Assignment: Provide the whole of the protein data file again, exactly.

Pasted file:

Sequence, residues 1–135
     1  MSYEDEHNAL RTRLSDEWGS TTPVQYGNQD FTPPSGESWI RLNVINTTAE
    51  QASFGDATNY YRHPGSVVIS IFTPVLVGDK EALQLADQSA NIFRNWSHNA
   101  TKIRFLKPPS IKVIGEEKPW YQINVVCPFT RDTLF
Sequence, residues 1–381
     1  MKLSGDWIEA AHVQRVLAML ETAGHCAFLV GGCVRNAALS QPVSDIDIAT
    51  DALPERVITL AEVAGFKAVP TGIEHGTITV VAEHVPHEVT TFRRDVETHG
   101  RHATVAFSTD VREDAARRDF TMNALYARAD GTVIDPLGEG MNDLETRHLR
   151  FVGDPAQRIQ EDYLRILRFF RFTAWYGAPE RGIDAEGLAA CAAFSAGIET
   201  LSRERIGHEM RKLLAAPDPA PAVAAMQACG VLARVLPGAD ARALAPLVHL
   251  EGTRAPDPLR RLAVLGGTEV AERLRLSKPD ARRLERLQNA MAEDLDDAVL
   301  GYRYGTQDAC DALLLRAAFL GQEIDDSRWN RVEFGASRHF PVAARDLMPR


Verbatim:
Sequence, residues 1–135
     1  MSYEDEHNAL RTRLSDEWGS TTPVQYGNQD FTPPSGESWI RLNVINTTAE
    51  QASFGDATNY YRHPGSVVIS IFTPVLVGDK EALQLADQSA NIFRNWSHNA
   101  TKIRFLKPPS IKVIGEEKPW YQINVVCPFT RDTLF
Sequence, residues 1–381
     1  MKLSGDWIEA AHVQRVLAML ETAGHCAFLV GGCVRNAALS QPVSDIDIAT
    51  DALPERVITL AEVAGFKAVP TGIEHGTITV VAEHVPHEVT TFRRDVETHG
   101  RHATVAFSTD VREDAARRDF TMNALYARAD GTVIDPLGEG MNDLETRHLR
   151  FVGDPAQRIQ EDYLRILRFF RFTAWYGAPE RGIDAEGLAA CAAFSAGIET
   201  LSRERIGHEM RKLLAAPDPA PAVAAMQACG VLARVLPGAD ARALAPLVHL
   251  EGTRAPDPLR RLAVLGGTEV AERLRLSKPD ARRLERLQNA MAEDLDDAVL
   301  GYRYGTQDAC DALLLRAAFL GQEIDDSRWN RVEFGASRHF PVAARDLMPR